60% of our Alzheimer’s sufferers not diagnosed

Have your say

ONLY 40 per cent of people with Alzheimer’s under the jurisdiction of the Northumberland Strategic Health Authority have been diagnosed, it has been estimated.

Statistics from the Alzheimer’s Society reveal that of 4,530 sufferers, fewer than 2,000 have had their condition confirmed.

And in common with national trends, the number of sufferers is predicted to nearly double by 2021.

The figures emerged as a pioneering Dementia Community Roadshow prepares to visit Berwick.

The Alzheimer’s Society Roadshow will be at Berwick’s Tesco store on Friday, January 18, between 10am and 4pm.

The Roadshow, consisting of three specially-built vehicles, aims to bring further awareness and understanding of the condition to 100,000 people over the next three years. It offers free information and advice to anyone with queries about the condition, as well as helping to promote the benefits of an early diagnosis.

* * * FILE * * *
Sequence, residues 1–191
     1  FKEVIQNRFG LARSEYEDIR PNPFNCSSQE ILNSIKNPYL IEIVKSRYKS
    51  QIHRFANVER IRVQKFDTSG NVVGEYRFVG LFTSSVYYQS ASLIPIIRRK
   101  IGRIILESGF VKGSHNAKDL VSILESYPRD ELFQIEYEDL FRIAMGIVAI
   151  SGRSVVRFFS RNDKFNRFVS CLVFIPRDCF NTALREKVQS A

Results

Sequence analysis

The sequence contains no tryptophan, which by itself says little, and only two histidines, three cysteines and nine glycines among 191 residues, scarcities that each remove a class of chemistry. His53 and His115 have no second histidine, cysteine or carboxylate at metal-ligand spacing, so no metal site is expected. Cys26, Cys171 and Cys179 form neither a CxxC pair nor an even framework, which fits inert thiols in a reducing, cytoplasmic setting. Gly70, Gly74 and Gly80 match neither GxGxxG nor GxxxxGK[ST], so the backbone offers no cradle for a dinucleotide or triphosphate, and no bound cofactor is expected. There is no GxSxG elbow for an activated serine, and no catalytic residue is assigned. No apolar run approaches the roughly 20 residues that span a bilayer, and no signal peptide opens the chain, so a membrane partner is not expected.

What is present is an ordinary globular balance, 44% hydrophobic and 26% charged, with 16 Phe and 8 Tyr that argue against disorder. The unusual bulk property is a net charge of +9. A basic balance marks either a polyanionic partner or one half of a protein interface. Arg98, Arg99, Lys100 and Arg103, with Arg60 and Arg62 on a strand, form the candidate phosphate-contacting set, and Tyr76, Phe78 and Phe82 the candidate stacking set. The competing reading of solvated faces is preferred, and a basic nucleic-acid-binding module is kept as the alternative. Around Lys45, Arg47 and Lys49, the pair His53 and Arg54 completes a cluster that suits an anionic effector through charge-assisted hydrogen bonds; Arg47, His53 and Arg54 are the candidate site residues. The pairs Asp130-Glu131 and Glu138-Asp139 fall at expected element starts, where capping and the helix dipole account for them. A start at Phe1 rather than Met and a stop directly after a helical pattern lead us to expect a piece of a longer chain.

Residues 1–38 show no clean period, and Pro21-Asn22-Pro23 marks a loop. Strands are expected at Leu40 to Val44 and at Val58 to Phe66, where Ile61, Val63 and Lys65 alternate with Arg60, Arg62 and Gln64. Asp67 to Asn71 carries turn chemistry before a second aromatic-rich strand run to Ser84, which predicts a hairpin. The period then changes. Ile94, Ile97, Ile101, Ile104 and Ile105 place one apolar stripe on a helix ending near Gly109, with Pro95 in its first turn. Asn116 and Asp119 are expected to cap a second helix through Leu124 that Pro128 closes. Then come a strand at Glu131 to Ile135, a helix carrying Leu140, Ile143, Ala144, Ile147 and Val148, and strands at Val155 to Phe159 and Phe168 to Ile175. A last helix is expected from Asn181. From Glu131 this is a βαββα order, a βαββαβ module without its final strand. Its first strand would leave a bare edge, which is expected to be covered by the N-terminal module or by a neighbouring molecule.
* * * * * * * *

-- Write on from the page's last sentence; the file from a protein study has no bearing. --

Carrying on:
As part of the legacy of the Alzheimer’s Society being Tesco’s Charity of the Year in 2012, it is designed to reach those parts of the country where support and access to advice is most limited.

People who are currently living with dementia, are worried about a friend or relative’s memory, or just have questions about the condition, are encouraged to drop by with no appointment necessary.

Danielle Hayes, the Alzheimer’s Society support services manager for Northumberland, was on board the vehicle during its last visit to Berwick

She said: “Last year the Roadshow was a huge success. People who were there to do their shopping came along for a chat because they wanted more information about dementia and the services that the Alzheimer’s Society offer in Berwick and the surrounding area. We received lots of positive feedback and we are really looking forward to going back to Berwick in January.”

Caroline Burden, Alzheimer’s Society’s area manager, added: “The Dementia Community Roadshow helps us reach out to local communities and people who may not know where to turn for help. A diagnosis is the first step in unlocking the support and potential treatments that are available.

“Receiving an early diagnosis enables people to access support when they need it and gives them the opportunity to plan for the future. We’re here to provide people with information about where to get help and encourage those with concerns about their memory to visit their GP.”

Back to the top of the page